They Left Great Marks on Me: African American Testimonies of Racial Violence from Emancipation to World War I

 by Kidada E. Williams 

Well after slavery was abolished, its legacy of violence left deep wounds on African Americans’ bodies, minds, and lives. For many victims and witnesses of the assaults, rapes, murders, nightrides, lynchings, and other bloody acts that followed, the suffering this violence engendered was at once too painful to put into words yet too horrible to suppress.

 In this evocative and deeply moving history Kidada Williams examines African Americans’ testimonies about racial violence. By using both oral and print culture to testify about violence, victims and witnesses hoped they would be able to graphically disseminate enough knowledge about its occurrence and inspire Americans to take action to end it. In the process of testifying, these people created a vernacular history of the violence they endured and witnessed, as well as the identities that grew from the experience of violence. This history fostered an oppositional consciousness to racial violence that inspired African Americans to form and support campaigns to end violence. The resulting crusades against racial violence became one of the political training grounds for the civil rights movement.

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OK, NPRBooks Brain Trust, we need your help. We’ve got some upcoming weddings here and we’d like to know: Can you think of great book passages to use as readings during a wedding ceremony? Here’s one to get you started, from George Eliot’s Adam Bede:

What greater thing is there for two human souls, than to feel that they are joined for life — to strengthen each other in all labor, to rest on each other in all sorrow, to minister to each other in all pain, to be one with each other in silent unspeakable memories at the moment of the last parting?

What else is out there?

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Fowler’s Zelda is reassuringly normal. She’s easy to relate to even as she runs wild, sensible while allegedly insane. The unappealing aspects of her historical personality receive a contemporary, reader-friendly makeover. Zelda’s early letters to F. Scott were the basis for Rosalind’s tart misogyny in “This Side of Paradise,” and in her biography Milford noted Zelda’s lack of interest in female companionship. But Fowler furnishes her with a gang of lifelong girlfriends from back home in Alabama, plus growing feminist convictions.

I’ve said this before but one reason why I love Zelda is that she was so human. She wasn’t perfect. Zelda didn’t have many female friends (most of them were friends from Montgomery or couple friends like the Murphys) and she vastly preferred the company of men. I would say that Zelda had feminist leanings but she also internalized a lot of misogyny. It may make her more sympathetic to have Zelda have more good qualities (for lack of a better word), but it is a lie.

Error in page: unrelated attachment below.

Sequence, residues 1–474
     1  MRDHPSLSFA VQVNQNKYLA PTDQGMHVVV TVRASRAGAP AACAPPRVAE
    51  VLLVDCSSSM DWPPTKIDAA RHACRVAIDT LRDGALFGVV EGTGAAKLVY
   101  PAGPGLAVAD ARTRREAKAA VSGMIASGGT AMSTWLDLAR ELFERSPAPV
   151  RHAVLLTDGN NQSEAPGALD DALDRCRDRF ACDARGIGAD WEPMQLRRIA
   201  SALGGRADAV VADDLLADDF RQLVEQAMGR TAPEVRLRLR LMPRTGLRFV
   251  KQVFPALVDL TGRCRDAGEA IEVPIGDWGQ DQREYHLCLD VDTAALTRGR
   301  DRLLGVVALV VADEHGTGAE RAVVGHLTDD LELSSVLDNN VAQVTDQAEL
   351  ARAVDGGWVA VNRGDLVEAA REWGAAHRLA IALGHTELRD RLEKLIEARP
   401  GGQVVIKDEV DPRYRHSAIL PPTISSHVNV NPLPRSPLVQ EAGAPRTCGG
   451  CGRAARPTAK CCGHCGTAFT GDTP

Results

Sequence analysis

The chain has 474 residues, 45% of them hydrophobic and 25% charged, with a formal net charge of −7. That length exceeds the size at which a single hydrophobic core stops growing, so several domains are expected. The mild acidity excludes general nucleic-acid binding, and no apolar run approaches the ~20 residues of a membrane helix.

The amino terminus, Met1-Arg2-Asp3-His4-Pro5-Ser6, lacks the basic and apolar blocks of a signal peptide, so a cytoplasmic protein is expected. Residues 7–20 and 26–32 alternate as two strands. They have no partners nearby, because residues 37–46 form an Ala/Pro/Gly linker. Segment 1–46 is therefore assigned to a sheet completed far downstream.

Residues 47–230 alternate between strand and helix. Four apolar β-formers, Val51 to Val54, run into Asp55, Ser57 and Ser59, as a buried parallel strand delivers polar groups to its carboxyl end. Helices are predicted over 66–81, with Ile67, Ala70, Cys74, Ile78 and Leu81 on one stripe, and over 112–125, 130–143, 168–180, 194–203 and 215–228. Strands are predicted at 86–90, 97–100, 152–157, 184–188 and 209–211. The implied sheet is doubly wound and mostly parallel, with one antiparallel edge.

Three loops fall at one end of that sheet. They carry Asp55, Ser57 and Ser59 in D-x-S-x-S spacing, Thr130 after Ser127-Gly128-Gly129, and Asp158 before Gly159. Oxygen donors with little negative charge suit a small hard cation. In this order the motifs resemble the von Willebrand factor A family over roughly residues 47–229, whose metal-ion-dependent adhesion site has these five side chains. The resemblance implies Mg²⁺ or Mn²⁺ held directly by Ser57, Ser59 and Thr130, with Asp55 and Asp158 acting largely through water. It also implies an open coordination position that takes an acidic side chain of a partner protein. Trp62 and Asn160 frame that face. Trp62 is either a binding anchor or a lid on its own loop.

In “Z,” Zelda speaks the language of therapy; in “Call Me Zelda,” she is therapeutic. She suffers, but her suffering helps others grow.

This is one of my least favorite tropes, to have a woman suffer so that she can inspire others (it’s a small consolation that she isn’t suffering to inspire a man). 

And in “Beautiful Fools,” R. Clifton Spargo writes in reconciliation sex with a paunchy F. Scott, the mere mention of whose nipple and wispy chest hair was more unsettling than anything else I’ve read this year.

And there’s another book on the Fitzgeralds I won’t read. I don’t want to know more about Scott’s naked body or his sex life. I’m haunted by what I know already.

If you read a lot, you can get jaded. You can forget how a reader has to be generous to a book as much as a book has to be generous to its reader. You feel like maybe everything worth doing has been done, and nothing will ever blow you away ever again.

And then you read a book like Eleanor and Park, and you are shocked out of your complacency and grateful to be alive. As you can tell from my review in the New York Times Book Review, I really love this book. Months later, I’m still thinking about it.

You’re gonna love it, too. Read it. 

You can find it at indiebound, or bn.com, or amazon.

This is one of the best books. I really love it <3

1.) The Bible (eBook) - “to learn that it’s easier to be told by others what to think and believe than it is to think for yourself.”

2.) The System of the World by Isaac Newton (eBook) – “to learn that the universe is a knowable place.”

3.) On the Origin of Species by Charles Darwin (eBookAudio Book) - “to learn of our kinship with all other life on Earth.”

4.) Gulliver’s Travels by Jonathan Swift (eBookAudio Book) – “to learn, among other satirical lessons, that most of the time humans are Yahoos.”

5.) The Age of Reason by Thomas Paine (eBookAudio Book) – “to learn how the power of rational thought is the primary source of freedom in the world.”

6.) The Wealth of Nations by Adam Smith (eBookAudio Book) - “to learn that capitalism is an economy of greed, a force of nature unto itself.”

7.) The Art of War by Sun Tsu (eBookAudio Book) - “to learn that the act of killing fellow humans can be raised to an art.”

8.) The Prince by Machiavelli (eBookAudio Book) - “to learn that people not in power will do all they can to acquire it, and people in power will do all they can to keep it.”

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